When his plane was shot down, The Gazette covered the story. It was Aug. 13, 1945, just days after Japan sued for peace, and Cilberti was heading to Tokyo when the plane went down.
“Not a single one of us knows exactly where it was we crash landed,” he wrote in a letter home.
The survivors of the crash subsisted on some of the vegetation and whatever wildlife they could find. They also were met with enemy soldiers, one of whom Cilberti killed.
“Two days later we finally met some friendly natives on the island and it was with their cooperation and kindness that we finally made it back. We hit Leyte Sept. 12,” Nicholas Cilberti wrote.
He had to remain on the island recuperating for some time and when he was ready to head back to the States, he refused to take a plane. The military honored the request and instead, he came home aboard a ship.
While he didn’t talk about the experience, Cilberti got glimpses of its effects on him through the years.
“Today they have post-traumatic stress, they didn’t have that then. So he just overcame it. We never talked about it, he didn’t want to talk about it. But he was very outgoing. Always a fun kind of person. Everybody loved him,” Cilberti said.
He died in 1992 at the age of 69. Since then, Cilberti has moved in with her daughter and son-in-law in Scotia and she keeps a full social calendar.
When The Gazette paid her a visit, she’d gotten back from volunteering at Schenectady Inner City Ministry and had plans to ballroom dance and bowl later that week. She regularly goes ballroom dancing and even sews some of her ballroom dresses. She also exercises every day and extols the benefits of being active.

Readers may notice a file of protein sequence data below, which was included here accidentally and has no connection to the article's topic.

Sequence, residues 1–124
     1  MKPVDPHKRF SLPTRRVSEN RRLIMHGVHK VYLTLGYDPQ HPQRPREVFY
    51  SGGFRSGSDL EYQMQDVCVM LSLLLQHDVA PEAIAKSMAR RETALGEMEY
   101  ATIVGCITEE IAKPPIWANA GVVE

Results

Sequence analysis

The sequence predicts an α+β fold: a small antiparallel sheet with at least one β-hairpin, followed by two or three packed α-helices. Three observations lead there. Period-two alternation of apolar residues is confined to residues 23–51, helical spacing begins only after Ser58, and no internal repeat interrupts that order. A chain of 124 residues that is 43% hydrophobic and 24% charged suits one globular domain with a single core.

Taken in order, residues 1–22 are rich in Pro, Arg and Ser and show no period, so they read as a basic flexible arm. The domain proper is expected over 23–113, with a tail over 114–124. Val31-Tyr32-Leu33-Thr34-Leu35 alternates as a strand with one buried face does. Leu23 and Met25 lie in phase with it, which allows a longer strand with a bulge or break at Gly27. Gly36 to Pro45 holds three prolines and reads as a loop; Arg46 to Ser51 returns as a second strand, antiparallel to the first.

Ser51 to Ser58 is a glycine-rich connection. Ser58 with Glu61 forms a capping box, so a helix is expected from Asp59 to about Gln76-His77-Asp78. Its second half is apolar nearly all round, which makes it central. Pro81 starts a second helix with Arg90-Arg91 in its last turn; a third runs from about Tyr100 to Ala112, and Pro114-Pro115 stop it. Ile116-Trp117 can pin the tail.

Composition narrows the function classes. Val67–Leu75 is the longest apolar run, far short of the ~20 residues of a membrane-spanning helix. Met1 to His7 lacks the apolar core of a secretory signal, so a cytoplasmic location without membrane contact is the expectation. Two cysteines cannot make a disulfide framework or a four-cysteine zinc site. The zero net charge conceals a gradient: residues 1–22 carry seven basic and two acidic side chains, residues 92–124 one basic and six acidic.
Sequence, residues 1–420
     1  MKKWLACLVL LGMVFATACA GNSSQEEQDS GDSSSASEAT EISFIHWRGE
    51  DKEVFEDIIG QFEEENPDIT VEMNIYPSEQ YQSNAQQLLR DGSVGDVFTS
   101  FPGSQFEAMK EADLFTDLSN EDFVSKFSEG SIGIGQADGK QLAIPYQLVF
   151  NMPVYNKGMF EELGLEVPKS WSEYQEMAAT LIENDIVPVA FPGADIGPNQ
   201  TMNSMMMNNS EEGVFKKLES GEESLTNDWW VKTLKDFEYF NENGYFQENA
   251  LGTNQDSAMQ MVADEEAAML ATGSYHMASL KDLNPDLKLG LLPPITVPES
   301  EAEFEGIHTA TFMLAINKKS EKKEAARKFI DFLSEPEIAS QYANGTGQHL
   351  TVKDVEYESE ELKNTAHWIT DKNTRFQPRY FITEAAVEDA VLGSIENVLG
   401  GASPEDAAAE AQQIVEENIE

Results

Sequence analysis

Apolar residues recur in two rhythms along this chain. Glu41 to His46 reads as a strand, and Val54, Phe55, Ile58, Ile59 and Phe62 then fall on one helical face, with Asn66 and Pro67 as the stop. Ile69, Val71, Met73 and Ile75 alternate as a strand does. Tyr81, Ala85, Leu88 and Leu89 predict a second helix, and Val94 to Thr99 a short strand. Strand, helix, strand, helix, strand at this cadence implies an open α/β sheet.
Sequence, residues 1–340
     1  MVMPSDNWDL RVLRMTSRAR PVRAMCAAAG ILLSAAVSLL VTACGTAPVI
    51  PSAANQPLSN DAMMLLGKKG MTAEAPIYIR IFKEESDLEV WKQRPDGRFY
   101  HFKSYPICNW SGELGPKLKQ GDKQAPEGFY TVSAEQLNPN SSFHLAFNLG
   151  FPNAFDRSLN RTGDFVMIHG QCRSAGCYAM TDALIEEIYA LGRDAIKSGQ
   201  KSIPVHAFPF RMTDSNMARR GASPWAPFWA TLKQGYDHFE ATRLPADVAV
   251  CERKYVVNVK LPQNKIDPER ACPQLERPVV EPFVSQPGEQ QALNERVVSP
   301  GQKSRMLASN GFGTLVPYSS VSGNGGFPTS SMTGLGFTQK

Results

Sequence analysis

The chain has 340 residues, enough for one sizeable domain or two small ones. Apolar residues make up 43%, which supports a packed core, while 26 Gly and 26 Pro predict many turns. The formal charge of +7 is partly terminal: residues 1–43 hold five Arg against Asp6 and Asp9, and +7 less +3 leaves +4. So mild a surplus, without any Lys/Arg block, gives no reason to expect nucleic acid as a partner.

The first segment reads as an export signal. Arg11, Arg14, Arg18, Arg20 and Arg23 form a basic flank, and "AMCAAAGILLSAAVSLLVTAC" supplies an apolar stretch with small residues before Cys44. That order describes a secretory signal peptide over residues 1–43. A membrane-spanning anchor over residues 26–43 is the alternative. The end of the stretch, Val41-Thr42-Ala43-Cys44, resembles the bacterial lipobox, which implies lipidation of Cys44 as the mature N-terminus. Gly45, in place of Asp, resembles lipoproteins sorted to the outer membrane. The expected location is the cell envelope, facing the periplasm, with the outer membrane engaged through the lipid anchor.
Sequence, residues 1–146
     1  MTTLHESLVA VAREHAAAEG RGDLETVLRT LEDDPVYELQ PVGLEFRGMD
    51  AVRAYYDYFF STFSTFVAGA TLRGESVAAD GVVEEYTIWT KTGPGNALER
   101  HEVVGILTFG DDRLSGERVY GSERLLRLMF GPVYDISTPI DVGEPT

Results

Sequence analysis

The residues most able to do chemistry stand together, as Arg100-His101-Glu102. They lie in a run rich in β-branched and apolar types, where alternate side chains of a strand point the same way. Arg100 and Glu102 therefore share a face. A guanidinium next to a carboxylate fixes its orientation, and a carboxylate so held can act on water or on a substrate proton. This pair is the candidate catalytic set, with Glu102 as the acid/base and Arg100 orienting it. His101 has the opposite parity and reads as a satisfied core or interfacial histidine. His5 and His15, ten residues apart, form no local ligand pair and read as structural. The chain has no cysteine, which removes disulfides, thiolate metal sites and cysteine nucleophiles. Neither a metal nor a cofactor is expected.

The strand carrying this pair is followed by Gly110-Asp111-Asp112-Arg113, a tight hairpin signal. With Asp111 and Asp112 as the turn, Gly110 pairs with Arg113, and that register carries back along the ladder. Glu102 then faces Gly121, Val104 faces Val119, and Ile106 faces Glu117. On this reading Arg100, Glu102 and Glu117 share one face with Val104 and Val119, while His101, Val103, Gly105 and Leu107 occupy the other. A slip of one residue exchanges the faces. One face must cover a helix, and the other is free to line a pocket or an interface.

“You have to work at it is what I tell everybody,” Cilberti said. “I say get up off that chair and go do something.”
She keeps herself moving even when watching a movie at home after a night of ballroom or square dancing. The spry 98-year-old celebrated her birthday on April 12, getting together with her dancing friends for 98 chicken wings at the Rusty Nail.
On Saturday afternoon, there’s also a square dancing celebration in her honor in Gloversville, with friends and family coming together from around New York State, New Hampshire, Massachusetts and Vermont.
In the coming months, she hopes to travel to the National WWII Museum to see her wedding gown in the museum’s collection.